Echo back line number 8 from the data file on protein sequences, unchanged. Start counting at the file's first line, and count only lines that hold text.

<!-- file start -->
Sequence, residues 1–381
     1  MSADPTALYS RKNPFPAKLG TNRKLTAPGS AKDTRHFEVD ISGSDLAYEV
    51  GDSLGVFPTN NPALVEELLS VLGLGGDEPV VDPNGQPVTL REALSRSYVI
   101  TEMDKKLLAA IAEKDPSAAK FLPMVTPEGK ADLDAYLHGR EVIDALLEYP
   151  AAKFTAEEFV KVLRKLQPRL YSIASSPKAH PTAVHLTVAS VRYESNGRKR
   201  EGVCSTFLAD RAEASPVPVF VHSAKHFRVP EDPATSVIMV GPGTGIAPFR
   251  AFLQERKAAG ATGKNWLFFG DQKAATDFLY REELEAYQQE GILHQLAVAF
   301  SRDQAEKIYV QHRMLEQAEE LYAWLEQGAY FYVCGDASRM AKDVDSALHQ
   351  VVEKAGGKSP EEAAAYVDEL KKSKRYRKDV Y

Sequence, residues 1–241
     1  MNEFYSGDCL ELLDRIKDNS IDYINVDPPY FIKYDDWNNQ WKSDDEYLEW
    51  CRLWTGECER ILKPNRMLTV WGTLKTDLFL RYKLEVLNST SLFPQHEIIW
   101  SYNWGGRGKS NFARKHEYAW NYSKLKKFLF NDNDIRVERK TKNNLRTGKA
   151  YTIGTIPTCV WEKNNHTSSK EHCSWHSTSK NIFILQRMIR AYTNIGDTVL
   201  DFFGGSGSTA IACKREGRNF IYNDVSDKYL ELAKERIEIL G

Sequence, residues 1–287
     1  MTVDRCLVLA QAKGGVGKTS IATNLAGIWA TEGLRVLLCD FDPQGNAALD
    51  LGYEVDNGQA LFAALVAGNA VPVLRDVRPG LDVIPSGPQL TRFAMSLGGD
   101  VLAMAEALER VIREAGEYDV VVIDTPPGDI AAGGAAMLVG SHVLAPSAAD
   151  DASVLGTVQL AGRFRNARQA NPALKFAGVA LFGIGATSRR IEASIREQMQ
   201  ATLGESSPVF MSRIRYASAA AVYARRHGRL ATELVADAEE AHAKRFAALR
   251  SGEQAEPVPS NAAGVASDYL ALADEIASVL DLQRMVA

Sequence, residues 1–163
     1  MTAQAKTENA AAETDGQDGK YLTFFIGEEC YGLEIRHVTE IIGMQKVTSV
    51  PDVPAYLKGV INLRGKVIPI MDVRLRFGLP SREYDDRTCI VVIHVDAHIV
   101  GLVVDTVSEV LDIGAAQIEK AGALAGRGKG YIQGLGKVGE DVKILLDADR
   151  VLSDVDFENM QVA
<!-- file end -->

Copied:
   301  SRDQAEKIYV QHRMLEQAEE LYAWLEQGAY FYVCGDASRM AKDVDSALHQ